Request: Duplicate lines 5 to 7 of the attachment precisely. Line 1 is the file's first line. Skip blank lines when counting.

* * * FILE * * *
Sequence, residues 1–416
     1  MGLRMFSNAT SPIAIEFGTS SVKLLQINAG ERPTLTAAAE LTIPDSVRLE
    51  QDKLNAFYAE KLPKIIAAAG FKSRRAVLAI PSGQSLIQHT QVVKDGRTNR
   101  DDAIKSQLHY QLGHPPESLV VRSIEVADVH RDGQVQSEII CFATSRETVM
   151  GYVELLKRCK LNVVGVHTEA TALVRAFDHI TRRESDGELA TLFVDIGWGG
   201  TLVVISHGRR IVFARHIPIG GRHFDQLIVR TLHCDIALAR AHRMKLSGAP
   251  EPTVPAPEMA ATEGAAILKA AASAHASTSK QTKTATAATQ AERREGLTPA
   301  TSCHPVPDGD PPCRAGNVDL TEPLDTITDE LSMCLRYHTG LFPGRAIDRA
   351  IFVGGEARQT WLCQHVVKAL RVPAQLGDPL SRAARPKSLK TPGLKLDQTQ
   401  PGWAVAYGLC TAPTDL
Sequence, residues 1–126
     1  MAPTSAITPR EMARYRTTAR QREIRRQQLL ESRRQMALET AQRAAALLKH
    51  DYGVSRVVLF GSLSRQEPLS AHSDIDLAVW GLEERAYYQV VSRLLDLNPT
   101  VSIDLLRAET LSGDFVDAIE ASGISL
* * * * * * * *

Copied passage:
   151  GYVELLKRCK LNVVGVHTEA TALVRAFDHI TRRESDGELA TLFVDIGWGG
   201  TLVVISHGRR IVFARHIPIG GRHFDQLIVR TLHCDIALAR AHRMKLSGAP
   251  EPTVPAPEMA ATEGAAILKA AASAHASTSK QTKTATAATQ AERREGLTPA